What we eat and how it is produced has an incredible impact on our health and also the environment. The way in which we consume and produce all food but particularly meat, dairy and eggs is costing us our health, the environment and impacting animal welfare through destruction of habitat, deforestation, water pollution, diet related disease and intolerable animal cruelty. Brad’s article on Organic Food and Planetary Health highlights that we can be a part of the solution through a shift in consciousness toward a more sustainable and natural way of eating and producing food.
ORGANIC FOOD AND PLANETARY HEALTH
Food is medicine. This statement is often seen as somewhat “radical” to the mainstream. It is not a new idea, but knowledge we have forgotten very recently in human history.
The indigenous tribes, the humans who have been part of long lived successful communities lived with this knowledge for thousands of years prior to what scientists and historians are now calling “the great forgetting”. The great forgetting can be categorised as the time in history when we as a species started to see ourselves as separate from nature. We developed agricultural systems based on dominance and control. This new paradigm promised a lot, but was unproven and untested, unlike the ‘part of nature’ philosophy which had been practised by indigenous cultures all over the planet.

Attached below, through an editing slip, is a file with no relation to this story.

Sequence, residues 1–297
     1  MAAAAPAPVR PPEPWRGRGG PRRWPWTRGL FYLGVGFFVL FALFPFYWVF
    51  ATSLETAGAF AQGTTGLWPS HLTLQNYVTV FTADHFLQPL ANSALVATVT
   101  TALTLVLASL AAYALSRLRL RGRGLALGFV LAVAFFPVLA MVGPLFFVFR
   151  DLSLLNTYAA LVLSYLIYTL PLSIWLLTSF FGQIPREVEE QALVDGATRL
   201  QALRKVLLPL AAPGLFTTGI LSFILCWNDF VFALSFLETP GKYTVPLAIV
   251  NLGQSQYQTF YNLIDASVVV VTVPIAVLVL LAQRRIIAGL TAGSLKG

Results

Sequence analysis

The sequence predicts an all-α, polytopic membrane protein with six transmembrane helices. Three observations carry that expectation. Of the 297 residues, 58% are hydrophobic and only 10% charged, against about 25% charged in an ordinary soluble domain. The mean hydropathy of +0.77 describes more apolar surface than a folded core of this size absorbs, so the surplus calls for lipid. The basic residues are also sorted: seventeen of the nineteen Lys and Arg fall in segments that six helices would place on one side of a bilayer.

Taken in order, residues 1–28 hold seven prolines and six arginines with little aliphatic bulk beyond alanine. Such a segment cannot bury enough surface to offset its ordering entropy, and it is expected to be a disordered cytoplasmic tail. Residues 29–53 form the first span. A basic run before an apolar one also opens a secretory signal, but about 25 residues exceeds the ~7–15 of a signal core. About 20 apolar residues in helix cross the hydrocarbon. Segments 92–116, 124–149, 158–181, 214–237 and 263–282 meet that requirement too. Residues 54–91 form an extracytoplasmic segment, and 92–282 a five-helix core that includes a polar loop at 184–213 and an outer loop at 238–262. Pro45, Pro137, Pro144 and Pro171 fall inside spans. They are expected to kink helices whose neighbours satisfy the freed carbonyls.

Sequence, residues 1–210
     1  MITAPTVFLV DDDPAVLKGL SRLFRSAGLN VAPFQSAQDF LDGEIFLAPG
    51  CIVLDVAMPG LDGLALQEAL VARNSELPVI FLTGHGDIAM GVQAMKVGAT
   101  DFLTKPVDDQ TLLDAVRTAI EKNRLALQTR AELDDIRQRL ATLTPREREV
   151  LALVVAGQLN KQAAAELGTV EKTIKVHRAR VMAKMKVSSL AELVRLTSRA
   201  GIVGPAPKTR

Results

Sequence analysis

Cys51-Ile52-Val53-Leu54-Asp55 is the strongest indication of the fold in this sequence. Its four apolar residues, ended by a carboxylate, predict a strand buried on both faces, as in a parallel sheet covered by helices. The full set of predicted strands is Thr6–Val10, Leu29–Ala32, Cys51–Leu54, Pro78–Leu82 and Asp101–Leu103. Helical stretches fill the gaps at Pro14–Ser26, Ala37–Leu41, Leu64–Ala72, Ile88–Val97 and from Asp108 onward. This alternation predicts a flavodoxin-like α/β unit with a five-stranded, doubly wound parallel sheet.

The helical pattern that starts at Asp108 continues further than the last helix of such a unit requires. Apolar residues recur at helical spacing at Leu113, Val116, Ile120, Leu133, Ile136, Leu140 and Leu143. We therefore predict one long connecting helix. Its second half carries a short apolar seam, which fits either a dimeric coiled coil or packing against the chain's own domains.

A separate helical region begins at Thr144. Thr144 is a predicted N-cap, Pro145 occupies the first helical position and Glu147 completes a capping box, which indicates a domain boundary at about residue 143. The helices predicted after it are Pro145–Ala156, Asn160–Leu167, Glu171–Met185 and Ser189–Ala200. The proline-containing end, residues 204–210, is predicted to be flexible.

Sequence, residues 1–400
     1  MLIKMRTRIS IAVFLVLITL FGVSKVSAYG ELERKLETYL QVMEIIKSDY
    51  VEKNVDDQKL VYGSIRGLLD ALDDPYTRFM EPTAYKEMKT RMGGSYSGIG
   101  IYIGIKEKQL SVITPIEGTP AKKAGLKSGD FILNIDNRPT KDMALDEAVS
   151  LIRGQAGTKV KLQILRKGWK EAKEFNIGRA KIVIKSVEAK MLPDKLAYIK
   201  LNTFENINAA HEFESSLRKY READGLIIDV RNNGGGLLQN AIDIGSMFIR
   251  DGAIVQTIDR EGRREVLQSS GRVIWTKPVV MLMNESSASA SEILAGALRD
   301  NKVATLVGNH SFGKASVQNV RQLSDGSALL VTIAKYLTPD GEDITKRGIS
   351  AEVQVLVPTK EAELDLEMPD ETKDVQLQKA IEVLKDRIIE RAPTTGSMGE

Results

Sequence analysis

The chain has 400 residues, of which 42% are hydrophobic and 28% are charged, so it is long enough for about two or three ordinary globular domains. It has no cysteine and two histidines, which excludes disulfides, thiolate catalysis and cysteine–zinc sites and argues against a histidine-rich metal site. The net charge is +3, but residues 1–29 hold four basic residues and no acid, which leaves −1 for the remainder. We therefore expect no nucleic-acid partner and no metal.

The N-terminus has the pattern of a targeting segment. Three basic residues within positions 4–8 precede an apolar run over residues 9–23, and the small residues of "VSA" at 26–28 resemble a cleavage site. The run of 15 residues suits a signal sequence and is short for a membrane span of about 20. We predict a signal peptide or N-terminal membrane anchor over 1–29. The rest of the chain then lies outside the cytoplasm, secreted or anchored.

Organic gardening is part of the ‘remembering’ the reconnection of life itself. It is a tiny step back towards human health and therefor planetary health. The title of this really could read “Poisoned food and planetary disease” but that of course is the old story, as we wake up from our big sleep and the great forgetting.
“This new way of living was forced on nature not in tune with it”
Brads is extremely passionate about sustainable living and self sufficiency stemming from his upbringing that was centred on living sustainably; growing food and swapping livestock or fish caught at the local beach with neighbouring properties. His focus on local organic produce and the healing potential of food inspires his thirst for knowledge and commitment to understanding how to apply these concepts in his work. Brad brings his extensive knowledge, passion and unique outlook to his role as Byron Private’s Head Chef; inspiring residents at Byron Private to find a deeper connection between healing and nutrition.